My research is featured in a great post by Emily Wilson at the Women’s Media Center blog!
Robbins also offered support to Samantha Meier, a writer and editor on gender issues at PolicyMic. When starting work on her Harvard thesis, Twisted Sisters: Women’s Comix and Cultural Action, Meier noticed that Robbins’ name kept coming up and contacted her through her website. She got an email back 10 minutes later.
Meier’s own fascination with comics came from her hatred of the Cathy strip.
“She was always stressing out about her weight and her boyfriend or not having a boyfriend, and I thought growing up this was what my life would be,” Meier said.
This led to Meier thinking about becoming a cartoonist herself so she could “create a character for thirteen-year-old girls who didn’t suck.” That didn’t happen, but she became a huge fan of the underground comics of the 1960s and 70s, and knew she wanted to explore that further for her thesis. When she found Wimmen’s Comix, she was hooked, she says. Now working on turning her thesis into a book, Meier flew out to attend the opening of the show in San Francisco.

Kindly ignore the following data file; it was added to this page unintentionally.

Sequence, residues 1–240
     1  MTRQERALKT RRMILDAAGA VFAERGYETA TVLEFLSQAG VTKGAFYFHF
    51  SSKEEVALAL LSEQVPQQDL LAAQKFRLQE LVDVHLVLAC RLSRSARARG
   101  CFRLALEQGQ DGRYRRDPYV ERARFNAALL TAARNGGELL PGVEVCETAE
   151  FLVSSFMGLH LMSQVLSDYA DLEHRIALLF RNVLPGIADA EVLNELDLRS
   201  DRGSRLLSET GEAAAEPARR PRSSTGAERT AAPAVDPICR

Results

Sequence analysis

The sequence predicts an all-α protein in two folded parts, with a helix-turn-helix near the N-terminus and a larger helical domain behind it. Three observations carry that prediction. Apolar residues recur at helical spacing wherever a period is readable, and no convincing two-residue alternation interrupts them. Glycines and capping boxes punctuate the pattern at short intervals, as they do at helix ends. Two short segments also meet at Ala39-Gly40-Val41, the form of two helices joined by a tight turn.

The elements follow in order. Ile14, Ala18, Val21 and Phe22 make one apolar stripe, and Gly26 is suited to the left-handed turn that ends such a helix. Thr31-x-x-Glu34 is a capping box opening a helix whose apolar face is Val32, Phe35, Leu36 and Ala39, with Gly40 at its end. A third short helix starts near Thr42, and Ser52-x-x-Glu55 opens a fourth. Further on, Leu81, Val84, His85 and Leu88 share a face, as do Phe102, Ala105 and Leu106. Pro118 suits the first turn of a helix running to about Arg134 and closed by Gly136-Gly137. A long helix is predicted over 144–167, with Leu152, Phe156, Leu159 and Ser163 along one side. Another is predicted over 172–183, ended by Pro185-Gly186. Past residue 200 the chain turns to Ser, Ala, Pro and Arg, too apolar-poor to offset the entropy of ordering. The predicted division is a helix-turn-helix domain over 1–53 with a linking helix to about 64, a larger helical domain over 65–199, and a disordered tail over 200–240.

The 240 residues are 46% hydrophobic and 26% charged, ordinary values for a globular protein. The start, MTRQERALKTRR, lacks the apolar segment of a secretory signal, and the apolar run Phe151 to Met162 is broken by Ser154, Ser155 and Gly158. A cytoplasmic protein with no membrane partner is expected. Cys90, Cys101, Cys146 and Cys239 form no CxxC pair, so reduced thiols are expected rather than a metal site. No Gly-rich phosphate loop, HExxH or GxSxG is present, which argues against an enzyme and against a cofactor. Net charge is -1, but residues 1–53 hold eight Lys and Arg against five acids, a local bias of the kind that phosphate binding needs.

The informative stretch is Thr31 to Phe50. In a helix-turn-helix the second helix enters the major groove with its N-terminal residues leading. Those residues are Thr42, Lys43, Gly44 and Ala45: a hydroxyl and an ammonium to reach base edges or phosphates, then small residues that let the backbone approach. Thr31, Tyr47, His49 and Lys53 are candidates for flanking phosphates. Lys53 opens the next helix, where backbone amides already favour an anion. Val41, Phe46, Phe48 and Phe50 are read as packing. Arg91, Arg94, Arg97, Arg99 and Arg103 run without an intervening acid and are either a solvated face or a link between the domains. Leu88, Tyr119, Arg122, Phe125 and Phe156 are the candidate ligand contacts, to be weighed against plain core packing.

“I think it’s helpful in raising the profile of these artists, who are well known in comic circles, but not as well known in other circles,” she said. “The library wants to assemble a full run of the comic, which is hugely important for researchers.”
Read the rest of the article here. For the record, my love/hate relationship with Cathy didn’t inspire me to become a cartoonist (and I admire Cathy Guisewite for having an incredibly long career in the world of syndicated comic strips), but it did cause me to never want to read the word “AAAAAAACK!” again.